Mitri Ghounam's land can be accessed only via a metal gate and fenced off road. The house is surrounded on three sides by either a concrete wall or a metal fence. Beyond the fence there appears to be a construction site. Although the machinery is quiet today because works are stopped for the weekend, one can only imagine the noise that must come from it during the rest of the week.

***image2***Mitri sits under grapevines hosting us with lemonade and water, a relief from a very hot day. Behind him sits a statute of the Virgin Mary that over looks a fountain, St. George killing the serpent stands over his family home.

Mitri Ghounam, known fondly as Abu Michael (father of Michael), is 64 years old and is the father of two sons and two daughters. One of his sons and his family lives here with Mitri and his wife in this fenced in compound.

Mitri was born in Jaffa in 1946. Two years later, in the war of 1948 his family was expelled by Israeli forces and fled to Beit Jala, a neighboring village of Bethlehem. It was there that Mitri went to school and grew up. In the spring of 1967, Mitri was married in Beit Jala. It was while on their honeymoon in Jordan that the 1967 war broke out and Israel occupied the West Bank. During this war Israel closed most of the borders, not allowing Mitri and his wife to return. Although they sought help from the Red Cross in their several attempts to return home it was not until 1979 that the Beit Jala municipality helped them return through family reunification. At this point Mitri had already become a father.

Mitri, now unemployed, used to be a painter and a taxi driver. He raised his family on a meager income. What he did earn went into savings, savings that went into buying land and building this house on the outskirts of Beit Jala. Mitri worked hard to tend the land, planting olive trees, almond trees, and built a clay oven. There was once a playground for his children to play. Although Mitri's income was meager, he was determined to provide a haven for his family.

***image3***Where Mitri once walked out his front door to over look trees and a playground, he now comes face to face with a concrete barrier slowly being built next to his house and on his land. In 1992 the Israeli Military started confiscating his land to build a tunnel and road from Jerusalem to the illegal settlements in the West Bank (Route 60). Since 1992, more land has been confiscated to build a wall around the tunnel in order 'protect it'. In total 2200 dunams (one dunam equals 0.25 acres) of his land has been confiscated and destroyed. Mitri has watched the trees he planted and the haven he built be bulldozed and destroyed. A few of those trees still stand next to the wall hacked and destroyed, a reminder of dreams Mitri once planted.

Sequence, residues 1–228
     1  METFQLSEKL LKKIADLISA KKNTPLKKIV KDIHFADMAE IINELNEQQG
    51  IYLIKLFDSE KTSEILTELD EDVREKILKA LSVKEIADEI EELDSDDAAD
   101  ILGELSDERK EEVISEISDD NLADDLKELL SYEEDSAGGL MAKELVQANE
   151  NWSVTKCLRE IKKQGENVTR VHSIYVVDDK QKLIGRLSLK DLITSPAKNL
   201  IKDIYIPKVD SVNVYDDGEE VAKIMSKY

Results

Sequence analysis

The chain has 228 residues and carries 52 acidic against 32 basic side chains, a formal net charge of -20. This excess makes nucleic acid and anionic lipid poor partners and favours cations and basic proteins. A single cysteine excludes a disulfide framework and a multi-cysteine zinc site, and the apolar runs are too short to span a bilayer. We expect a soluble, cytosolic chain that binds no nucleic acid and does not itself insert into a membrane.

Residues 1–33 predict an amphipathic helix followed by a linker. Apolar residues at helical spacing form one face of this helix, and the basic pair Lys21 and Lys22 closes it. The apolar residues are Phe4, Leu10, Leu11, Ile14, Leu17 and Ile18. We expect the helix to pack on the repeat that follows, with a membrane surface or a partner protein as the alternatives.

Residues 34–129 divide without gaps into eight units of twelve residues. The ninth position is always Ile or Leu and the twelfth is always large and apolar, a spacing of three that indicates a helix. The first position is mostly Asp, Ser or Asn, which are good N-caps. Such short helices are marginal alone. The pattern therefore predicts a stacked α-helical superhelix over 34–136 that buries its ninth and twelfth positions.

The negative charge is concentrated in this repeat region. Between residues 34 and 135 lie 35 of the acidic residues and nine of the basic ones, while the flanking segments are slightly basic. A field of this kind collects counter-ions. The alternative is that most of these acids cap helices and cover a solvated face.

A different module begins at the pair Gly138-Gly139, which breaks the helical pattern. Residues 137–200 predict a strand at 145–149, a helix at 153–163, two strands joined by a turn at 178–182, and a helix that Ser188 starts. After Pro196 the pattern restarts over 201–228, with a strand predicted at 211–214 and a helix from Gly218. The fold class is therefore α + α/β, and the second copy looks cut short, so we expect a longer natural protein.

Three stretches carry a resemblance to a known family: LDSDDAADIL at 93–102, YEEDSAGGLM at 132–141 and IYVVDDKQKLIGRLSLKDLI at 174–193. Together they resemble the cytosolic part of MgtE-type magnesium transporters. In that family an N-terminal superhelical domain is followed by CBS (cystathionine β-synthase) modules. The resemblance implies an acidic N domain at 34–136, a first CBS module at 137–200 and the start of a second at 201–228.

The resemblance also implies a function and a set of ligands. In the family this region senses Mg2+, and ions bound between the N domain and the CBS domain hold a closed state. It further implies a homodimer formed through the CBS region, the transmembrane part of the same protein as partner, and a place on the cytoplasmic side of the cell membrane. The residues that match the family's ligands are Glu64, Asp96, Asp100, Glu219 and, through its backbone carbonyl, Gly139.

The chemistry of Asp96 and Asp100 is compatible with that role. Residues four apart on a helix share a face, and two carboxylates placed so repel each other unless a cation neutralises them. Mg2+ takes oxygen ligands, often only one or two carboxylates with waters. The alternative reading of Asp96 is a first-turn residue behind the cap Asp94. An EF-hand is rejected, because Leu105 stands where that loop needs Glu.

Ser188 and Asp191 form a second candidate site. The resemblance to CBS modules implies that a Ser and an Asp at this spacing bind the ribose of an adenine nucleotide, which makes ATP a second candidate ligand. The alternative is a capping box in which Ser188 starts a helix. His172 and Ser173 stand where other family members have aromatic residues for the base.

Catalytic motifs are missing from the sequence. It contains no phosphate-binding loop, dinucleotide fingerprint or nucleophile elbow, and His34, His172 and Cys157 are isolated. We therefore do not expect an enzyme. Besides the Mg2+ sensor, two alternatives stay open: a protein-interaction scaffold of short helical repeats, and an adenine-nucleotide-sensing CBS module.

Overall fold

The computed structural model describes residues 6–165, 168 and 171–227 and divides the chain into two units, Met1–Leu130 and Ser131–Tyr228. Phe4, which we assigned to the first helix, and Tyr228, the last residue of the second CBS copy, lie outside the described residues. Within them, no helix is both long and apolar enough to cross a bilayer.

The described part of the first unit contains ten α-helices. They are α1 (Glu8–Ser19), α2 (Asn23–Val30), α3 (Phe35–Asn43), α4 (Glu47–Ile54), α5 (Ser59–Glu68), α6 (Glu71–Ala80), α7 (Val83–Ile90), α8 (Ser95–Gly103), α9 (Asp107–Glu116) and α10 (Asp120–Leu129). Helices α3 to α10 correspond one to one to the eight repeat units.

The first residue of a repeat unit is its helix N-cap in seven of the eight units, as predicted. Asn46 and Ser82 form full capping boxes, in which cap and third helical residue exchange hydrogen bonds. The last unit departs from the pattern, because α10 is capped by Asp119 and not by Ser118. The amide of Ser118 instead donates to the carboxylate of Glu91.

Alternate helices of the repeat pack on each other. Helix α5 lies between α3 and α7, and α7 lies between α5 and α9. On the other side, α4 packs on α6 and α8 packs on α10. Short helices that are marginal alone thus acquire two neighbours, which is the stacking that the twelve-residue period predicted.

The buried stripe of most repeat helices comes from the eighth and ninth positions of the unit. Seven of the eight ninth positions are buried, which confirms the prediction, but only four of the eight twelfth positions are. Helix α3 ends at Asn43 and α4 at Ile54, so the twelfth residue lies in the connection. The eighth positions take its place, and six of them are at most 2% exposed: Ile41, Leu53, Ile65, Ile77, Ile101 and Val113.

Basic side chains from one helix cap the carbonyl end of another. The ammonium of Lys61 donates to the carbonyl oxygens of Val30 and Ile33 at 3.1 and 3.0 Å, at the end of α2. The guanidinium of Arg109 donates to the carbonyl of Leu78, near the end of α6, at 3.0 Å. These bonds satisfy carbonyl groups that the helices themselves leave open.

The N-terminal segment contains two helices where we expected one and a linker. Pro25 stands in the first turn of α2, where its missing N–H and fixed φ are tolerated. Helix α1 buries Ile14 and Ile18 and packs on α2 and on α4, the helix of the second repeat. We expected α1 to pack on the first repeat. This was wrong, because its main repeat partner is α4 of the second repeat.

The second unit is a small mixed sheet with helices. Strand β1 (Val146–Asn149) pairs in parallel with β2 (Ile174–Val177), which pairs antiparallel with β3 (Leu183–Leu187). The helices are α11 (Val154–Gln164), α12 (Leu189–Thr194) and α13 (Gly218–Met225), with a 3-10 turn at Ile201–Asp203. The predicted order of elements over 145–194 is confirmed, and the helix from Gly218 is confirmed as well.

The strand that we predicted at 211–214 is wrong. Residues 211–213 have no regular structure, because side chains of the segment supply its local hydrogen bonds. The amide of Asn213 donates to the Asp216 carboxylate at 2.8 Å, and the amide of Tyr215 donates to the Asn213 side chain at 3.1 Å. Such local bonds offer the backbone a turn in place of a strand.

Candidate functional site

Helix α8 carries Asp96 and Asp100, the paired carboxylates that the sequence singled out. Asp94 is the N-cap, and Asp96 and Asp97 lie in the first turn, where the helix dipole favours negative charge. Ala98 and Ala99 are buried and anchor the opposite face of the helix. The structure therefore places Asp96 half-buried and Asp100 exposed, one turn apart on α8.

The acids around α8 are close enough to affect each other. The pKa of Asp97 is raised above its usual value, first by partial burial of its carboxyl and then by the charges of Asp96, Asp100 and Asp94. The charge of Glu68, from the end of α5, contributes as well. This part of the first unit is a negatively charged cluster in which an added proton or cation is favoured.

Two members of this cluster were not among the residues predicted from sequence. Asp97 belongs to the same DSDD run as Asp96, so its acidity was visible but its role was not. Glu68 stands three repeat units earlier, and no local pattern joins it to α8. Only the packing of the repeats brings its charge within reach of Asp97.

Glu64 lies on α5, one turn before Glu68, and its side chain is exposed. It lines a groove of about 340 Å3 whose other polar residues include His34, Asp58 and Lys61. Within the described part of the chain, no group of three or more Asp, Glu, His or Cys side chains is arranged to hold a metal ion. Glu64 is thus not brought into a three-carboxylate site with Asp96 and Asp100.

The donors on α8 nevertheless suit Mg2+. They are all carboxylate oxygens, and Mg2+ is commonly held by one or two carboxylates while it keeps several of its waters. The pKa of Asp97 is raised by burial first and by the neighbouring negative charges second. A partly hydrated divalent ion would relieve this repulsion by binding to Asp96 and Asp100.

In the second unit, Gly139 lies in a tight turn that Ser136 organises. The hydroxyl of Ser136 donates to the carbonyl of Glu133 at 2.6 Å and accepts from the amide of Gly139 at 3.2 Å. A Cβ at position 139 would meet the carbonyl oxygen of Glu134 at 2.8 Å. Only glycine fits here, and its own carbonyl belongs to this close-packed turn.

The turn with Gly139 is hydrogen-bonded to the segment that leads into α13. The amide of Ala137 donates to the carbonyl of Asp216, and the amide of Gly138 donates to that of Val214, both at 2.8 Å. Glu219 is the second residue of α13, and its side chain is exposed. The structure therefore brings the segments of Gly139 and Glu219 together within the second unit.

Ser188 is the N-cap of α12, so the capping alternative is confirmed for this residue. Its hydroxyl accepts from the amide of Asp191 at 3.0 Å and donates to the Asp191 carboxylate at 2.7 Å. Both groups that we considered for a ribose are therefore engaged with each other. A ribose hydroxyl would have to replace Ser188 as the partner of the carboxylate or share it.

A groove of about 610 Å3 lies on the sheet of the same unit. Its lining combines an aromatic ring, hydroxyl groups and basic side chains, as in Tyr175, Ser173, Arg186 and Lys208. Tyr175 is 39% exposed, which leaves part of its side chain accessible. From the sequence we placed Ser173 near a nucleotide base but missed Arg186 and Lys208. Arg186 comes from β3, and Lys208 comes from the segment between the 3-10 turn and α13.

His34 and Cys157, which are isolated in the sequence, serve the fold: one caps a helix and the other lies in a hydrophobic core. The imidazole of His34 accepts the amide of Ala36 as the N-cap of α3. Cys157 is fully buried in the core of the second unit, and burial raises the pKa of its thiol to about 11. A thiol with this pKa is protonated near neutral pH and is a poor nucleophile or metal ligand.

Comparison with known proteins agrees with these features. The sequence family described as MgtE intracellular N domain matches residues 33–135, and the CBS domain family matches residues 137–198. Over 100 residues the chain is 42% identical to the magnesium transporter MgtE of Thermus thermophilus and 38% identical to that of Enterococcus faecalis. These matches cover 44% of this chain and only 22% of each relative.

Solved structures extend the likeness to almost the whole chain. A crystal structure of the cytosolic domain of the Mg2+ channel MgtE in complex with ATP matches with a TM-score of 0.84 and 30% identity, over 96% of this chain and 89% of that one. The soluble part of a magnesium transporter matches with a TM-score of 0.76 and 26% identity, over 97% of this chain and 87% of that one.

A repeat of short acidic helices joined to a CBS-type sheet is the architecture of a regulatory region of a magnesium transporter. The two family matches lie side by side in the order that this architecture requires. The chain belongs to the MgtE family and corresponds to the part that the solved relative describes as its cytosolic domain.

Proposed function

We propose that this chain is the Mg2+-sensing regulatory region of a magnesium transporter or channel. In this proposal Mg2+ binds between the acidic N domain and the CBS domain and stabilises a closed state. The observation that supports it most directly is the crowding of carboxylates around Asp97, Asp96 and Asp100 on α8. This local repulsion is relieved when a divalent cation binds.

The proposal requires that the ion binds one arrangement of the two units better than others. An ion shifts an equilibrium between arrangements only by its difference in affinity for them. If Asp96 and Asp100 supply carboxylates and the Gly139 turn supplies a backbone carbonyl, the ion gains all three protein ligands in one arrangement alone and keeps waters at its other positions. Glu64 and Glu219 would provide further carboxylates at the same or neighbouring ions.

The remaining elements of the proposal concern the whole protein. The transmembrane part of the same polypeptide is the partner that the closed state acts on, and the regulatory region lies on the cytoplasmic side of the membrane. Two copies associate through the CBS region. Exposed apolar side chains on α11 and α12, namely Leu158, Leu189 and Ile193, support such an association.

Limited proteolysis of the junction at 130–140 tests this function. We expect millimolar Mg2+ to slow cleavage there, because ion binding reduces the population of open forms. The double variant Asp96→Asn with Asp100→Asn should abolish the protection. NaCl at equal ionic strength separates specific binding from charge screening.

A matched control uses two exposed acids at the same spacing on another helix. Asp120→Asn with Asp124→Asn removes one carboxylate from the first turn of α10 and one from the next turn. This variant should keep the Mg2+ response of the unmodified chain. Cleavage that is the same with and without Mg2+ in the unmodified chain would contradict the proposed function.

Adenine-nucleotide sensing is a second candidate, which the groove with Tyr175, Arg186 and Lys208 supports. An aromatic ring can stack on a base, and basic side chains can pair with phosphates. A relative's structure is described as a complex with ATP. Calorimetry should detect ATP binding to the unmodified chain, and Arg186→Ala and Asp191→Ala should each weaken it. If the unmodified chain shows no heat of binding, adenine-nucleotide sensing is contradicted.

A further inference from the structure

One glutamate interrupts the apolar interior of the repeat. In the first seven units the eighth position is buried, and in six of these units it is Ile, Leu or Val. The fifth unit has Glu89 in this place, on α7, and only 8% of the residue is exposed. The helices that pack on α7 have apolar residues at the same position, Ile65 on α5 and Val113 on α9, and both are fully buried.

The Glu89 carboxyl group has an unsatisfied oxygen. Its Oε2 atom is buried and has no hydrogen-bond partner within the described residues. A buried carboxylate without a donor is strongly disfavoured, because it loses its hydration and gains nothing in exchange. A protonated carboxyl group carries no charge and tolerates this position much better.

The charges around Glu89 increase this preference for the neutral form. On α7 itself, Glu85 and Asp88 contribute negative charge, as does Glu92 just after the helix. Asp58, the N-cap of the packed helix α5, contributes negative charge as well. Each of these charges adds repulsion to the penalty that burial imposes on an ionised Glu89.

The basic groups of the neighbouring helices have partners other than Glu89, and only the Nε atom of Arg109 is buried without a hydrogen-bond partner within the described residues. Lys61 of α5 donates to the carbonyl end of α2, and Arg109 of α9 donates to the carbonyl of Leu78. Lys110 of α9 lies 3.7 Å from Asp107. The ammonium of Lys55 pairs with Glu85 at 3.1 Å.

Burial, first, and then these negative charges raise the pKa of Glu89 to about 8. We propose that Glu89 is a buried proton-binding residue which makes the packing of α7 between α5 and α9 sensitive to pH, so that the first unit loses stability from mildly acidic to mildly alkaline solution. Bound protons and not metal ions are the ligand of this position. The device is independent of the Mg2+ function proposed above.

When the wall is finally complete, a 20-foot concrete structure will overshadow Mitri's home. The wall, which now stands about 10 feet high, has metal rods haphazardly jutting out on top and on its sides. Next to the wall the land is broken with holes and pits causing worry for Mitri's small granddaughters who play outside.

His quiet home on the outskirts of Beit Jala is now not only drowned out with the noise of the not too distant highway, but the construction workers that are working to build a wall that is fencing his family in. The privacy which he once cherished has now been lost with workers and Israeli soldiers roaming his yard and land, sometimes until 9 in the evening. Mitri constantly worries of the environment his four granddaughters are being raised in.

Mitri has worked hard to provide for his family, only to see his hard work stolen from him. This has had not only financial consequences but psychological ones. The grave pressure he has to provide for his family, accompanied with the helplessness of watching his land be destroyed in front him, has resulted in Mitri having to regularly see a psychiatrist. He has even been hospitalized. The destruction of his land is destroying him. It is because of this that Mitri said to an Israeli soldier, 'When you have finished your wall, you will have finished me'.

Mitri still worries about the future for his family. It is for this reason that he has applied for residency in Australia. As the occupation tries to make the land 'without people', hundreds of thousands of Palestinians are forced into unbearable living conditions and pushed into 'voluntary displacement'. Frustrated and discouraged he looks at us, 'What other options do I have?'

Despite the hopeless situation, it seems that Mitri is still not ready to surrender to the designs of ethnic cleansing the Israeli occupation wants to impose on him a second time in his life. Mitri is still working on the small things. He is planting trees, hoping to get an asphalt road put in, still trying to make this home a haven for his family.



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